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Fast Forward Your Gains with the Reverse Squat

Come to a dead stop when doing front squats to speed up gains in strength.

As a strongman you’ll use any tactic and every scheme at your disposal to move more weight. Although some strongmen prefer to rely on traditional movements like the back squat, others would rather hoist tractor tires in the parking lot. This month we have a traditional move with unorthodox effects, bringing the two camps together in some unique and specific ways. Meet the front squat done from a complete stop (called a reverse movement).

Getting “Tired”

Before diving into the focus exercise, let’s take a look at what happens during the tire flip. There are very good reasons why it’s an old-school strongman favorite. You start in a deep squat position, calling into play your arms, upper body and legs as you pull and press almost simultaneously. All the weight of the tire is in front of you throughout the exercise, and by the end of it you feel the stress from head to toe. It’s a favorite among strongmen because it’s basically a deadlift, curl, squat and incline press all rolled up in one. It’s primarily a deadlift because you begin each rep from a dead stop. With your body in the deep squat position, you’re actually performing a squat in reverse, or a “reverse movement.”

If you’ve never tried reverse exercises, you’ll need to learn reverse movements eliminate the built-up negative energy (sometimes called elastic energy) that makes the positive (concentric) contraction easier to perform. During the downward phase of most exercises, such as the bench press or even the squat, you build up energy — this phase is also called “the stretch-shorten cycle”—as you descend with the bar. This built-up energy enables you to explode out of the bottom of each rep. If you remove that energy and begin each rep from the bottom (say, with the bar at your chest during the bench press or in the deep squat position like a tire flip), you’re starting from a disadvantage because you can’t use that built-up energy. If you can make gains during a situation like that, you know you’re getting stronger.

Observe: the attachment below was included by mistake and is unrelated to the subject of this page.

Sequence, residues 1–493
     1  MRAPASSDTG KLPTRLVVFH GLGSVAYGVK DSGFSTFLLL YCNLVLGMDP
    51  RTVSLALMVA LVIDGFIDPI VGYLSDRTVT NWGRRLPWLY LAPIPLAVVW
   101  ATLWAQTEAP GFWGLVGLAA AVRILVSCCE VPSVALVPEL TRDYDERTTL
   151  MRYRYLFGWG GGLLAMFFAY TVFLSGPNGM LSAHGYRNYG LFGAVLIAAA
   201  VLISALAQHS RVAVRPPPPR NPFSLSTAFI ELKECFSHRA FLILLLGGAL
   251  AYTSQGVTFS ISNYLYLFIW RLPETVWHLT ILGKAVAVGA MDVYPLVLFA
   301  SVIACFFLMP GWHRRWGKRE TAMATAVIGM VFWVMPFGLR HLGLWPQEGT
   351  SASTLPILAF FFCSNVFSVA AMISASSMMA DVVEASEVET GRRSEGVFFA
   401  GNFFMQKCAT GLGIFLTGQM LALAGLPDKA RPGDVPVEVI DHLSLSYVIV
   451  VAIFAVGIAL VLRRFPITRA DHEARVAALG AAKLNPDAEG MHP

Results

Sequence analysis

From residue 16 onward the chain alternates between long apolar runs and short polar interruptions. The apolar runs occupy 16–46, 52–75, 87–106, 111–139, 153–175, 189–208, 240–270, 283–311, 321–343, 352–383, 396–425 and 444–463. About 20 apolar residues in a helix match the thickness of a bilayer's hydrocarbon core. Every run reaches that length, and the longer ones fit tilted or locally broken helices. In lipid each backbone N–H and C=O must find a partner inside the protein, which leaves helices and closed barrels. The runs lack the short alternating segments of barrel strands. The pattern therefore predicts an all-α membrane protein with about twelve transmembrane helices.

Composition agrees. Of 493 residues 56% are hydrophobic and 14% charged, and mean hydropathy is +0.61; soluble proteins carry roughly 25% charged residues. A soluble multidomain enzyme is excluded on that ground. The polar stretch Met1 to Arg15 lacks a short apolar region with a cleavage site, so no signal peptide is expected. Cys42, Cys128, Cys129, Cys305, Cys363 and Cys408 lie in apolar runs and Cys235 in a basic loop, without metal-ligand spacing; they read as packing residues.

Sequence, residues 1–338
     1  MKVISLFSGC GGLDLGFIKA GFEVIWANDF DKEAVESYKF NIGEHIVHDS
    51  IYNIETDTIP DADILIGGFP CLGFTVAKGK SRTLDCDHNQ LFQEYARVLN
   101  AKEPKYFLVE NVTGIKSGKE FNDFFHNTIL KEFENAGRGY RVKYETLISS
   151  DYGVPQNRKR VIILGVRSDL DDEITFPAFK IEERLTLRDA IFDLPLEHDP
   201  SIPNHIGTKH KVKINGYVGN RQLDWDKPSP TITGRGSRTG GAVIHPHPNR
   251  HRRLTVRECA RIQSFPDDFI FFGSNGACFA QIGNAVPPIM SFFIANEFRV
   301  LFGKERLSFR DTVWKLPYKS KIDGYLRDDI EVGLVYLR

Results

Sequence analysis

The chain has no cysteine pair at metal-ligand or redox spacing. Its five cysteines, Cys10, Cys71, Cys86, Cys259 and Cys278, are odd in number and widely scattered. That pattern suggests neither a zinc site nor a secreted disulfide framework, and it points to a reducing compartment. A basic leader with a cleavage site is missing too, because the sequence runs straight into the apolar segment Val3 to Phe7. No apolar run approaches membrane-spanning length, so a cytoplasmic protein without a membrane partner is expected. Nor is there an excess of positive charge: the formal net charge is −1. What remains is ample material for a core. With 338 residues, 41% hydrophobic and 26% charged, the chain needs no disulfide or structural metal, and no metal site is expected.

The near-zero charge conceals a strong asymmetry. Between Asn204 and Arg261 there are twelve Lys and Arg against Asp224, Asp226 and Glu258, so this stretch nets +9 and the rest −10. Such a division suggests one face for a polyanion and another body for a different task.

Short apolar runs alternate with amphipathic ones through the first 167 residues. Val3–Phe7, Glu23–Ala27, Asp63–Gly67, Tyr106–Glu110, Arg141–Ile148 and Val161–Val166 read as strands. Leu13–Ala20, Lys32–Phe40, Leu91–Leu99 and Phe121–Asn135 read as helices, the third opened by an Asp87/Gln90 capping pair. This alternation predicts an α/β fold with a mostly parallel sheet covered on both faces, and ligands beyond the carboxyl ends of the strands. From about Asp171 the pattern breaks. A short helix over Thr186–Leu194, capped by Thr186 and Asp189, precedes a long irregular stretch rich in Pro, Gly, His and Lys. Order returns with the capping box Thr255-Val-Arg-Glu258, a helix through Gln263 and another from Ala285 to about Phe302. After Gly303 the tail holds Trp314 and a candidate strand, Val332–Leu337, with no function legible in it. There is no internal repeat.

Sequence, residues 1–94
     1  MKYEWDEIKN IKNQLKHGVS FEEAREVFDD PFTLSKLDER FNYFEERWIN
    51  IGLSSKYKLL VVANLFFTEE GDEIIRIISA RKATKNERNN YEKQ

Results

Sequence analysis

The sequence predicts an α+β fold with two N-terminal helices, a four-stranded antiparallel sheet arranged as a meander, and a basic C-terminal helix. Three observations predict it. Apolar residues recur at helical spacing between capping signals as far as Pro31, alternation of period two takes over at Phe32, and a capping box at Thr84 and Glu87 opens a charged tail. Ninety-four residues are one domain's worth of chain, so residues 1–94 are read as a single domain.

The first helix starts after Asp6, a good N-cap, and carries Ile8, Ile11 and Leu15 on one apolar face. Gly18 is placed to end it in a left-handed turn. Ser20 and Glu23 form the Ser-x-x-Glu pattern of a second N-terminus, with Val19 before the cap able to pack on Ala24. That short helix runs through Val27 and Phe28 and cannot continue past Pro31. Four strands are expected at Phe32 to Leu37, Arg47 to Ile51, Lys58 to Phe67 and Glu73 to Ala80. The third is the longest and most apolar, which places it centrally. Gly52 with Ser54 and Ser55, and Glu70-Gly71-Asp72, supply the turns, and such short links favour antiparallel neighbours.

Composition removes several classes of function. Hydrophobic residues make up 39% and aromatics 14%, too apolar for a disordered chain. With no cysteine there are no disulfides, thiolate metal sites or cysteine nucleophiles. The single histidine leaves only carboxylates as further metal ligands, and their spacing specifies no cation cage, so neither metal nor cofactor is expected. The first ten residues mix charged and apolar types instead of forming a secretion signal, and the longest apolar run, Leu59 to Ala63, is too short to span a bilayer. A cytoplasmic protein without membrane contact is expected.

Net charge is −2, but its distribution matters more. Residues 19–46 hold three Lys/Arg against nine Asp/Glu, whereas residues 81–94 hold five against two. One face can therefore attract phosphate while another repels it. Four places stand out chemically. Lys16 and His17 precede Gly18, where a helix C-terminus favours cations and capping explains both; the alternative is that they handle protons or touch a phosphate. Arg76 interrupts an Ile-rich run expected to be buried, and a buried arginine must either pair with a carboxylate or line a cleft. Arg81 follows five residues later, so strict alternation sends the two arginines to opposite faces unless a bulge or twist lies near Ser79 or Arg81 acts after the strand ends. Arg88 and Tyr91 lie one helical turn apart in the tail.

You start each repetition without supplying the target muscle with that powerful negative energy. That’s the genius in this month’s strongman move. The reverse front squat will not only force you to rely solely on positive strength to get out of the hole, but because the weight is in front of you, it requires a much more upright torso out of the bottom of the rep, just like the tire flip. That all translates into immediate and noticeable strength gains. Whenever you gain strength using positive movements, as soon as you go back to more traditional exercises in which you can use that built-up energy, you immediately see the effects. If you lean more toward squats, we guarantee you’ll notice increases in your RM strength.

Park It

The best place to perform the reverse front squat is obviously in the power rack where you can set the safeties at the perfect level. If you don’t have a power rack, you can also practice this movement in a Smith machine, even though the Smith removes the need for balance. In either case the bar should rest across your upper chest and front delts. Cross your arms to help build a shelf for it. Try using chalk to prevent the bar from slipping. By mastering the reverse front barbell, whether you prefer tires or the traditional squat, you’ll be better able to handle either or both with greater strength and success.

Backward Gains

Try this full-body, reverse-focused routine and watch your plateaus come to a screeching halt!

Reverse Front Squat: 4 Sets x 5 Reps, 2–3 min. rest

Deadlift: Sets x 6 Reps, 2–3 min. rest

Back Squat: 3 Sets x 6 Reps, 2–3 min. rest

Incline Barbell Press: 2 Sets x 8 Reps, 2 min. rest

* Doesn’t include 1-2 warm-up sets.

* Take only the last set of each exercise to failure.

Reverse Front Squat: Do It Right

Start: Stand inside a power rack with a barbell resting on the safety bars about thigh level. Squat down to get under the bar. With your feet about shoulder width apart place the weight across your upper chest and front delts. Your arms should be crossed in front of you, creating a “shelf.”

Movement: With your chest up high, your torso erect and abs tight, extend your knees and hips by powerfully pressing through your feet to raise your body to a standing position. Squeeze for a count before slowly lowering yourself back to the starting position. To remove the negative energy, you must allow the bar to settle on the safeties before starting the next rep.